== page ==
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8th Circuit hears case of school official who led graduation prayer

By The Associated Press

ST. PAUL, Minn. — A Nebraska school-prayer case went before the 8th U.S. Circuit Court of Appeals yesterday — the latest twist in a three-year dispute that pits the American Civil Liberties Union and a family against a school district and a school board member.

A Norfolk family sued the district and school board member Jim Scheer after he led students in the Lord's Prayer at a 2000 graduation ceremony during which his own son was graduating.

Norfolk School Board members traditionally have been allowed to speak at commencement ceremonies if they have a son or daughter graduating.

The family who sued said the prayer violated the constitutional separation of church and state. They're not identified in court filings.

At issue is whether Scheer was speaking on his own behalf or on behalf of the district.

Appeals Judge Morris Arnold said he doubted he would be hearing this case if Scheer simply had said religion was important to him.

"He went farther than that, and that's the troubling part," Arnold said. "Lines are always difficult to draw. The question is on which side of the line does this fall."

Scheer said he spoke only for himself when he addressed the students.

U.S. District Judge Laurie Smith of Omaha, Neb., ruled earlier that she found no evidence that school officials knew what Scheer would say before the ceremony.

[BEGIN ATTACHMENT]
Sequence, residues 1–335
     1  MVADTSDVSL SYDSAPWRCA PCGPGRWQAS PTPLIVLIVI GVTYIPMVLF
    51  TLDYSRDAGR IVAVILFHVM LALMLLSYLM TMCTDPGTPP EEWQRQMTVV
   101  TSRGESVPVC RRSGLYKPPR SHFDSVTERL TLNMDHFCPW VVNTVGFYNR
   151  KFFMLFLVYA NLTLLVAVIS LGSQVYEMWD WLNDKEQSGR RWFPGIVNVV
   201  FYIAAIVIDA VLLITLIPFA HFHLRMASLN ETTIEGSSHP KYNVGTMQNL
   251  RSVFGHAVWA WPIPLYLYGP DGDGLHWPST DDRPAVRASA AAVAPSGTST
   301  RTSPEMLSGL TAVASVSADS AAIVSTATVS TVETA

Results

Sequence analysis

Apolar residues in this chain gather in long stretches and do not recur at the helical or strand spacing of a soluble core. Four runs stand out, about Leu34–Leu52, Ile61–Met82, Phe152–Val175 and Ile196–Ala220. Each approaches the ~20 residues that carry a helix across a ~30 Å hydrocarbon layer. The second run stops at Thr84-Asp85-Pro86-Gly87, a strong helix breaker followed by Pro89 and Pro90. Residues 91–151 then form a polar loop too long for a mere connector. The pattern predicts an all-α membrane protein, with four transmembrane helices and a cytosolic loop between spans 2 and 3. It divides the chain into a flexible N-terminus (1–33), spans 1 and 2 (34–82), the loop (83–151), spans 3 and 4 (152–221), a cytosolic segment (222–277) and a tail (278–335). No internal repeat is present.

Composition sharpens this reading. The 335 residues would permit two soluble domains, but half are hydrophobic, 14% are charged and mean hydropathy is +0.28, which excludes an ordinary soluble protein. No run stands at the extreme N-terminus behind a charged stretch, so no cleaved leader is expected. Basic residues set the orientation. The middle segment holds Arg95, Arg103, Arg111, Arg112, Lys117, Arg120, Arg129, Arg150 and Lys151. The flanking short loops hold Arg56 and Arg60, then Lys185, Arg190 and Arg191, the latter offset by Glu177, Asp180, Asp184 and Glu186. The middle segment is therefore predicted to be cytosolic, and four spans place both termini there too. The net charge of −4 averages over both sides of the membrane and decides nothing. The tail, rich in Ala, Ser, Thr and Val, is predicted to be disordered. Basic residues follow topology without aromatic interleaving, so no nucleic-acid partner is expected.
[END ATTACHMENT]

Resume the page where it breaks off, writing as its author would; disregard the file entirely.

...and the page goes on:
The ACLU appealed that ruling to the 8th Circuit. The ACLU had contacted the school before the 2000 ceremony and warned officials that a planned prayer would violate the Constitution. The school then announced that the scheduled prayer had been removed from the program. Scheer was allowed to speak, however, and led the students in prayer.

The Norfolk family said graduation was a high point that was ruined for the student when Scheer recited the prayer.

Scheer said he hadn't intended the recitation as a prayer, but rather as part of a discussion about things he used in his life to help guide him, and the Lord's Prayer was one of those things.

His attorney, Jefferson Downing, said the prayer was part of a broader speech.

"It was not illegal conduct and it was not illegal speech," Downing said.

The family is asking that the court declare Scheer's actions illegal and to award the son and mother $15,000 each in compensation, as well as $50,000 each in punitive damages.

Their attorney, Daniel Friedman, said the speech sent a message marginalizing people in the religious minority.

"Public education is a trust between the government and children," Freidman said.

Friedman said they were asking the 8th Circuit to tell schools, "We're not going to provide a blueprint for how you subvert the Constitution" by carving out an exception to the separation of church and state.

8th Circuit upholds dismissal of graduation-prayer lawsuit
ACLU loses bid to reinstate case involving Nebraska school board member who led students in Lord's Prayer. 08.21.03

Nebraska school district sued over graduation prayer
ACLU says school board member violated church-state separation by leading students in Lord’s Prayer. 12.01.01


Graduation prayer a tricky issue, but consider this approach

By Charles C. Haynes Best place for prayers, sermons on graduation weekend is at privately sponsored, voluntarily attended baccalaureate service held after school hours. 05.25.03

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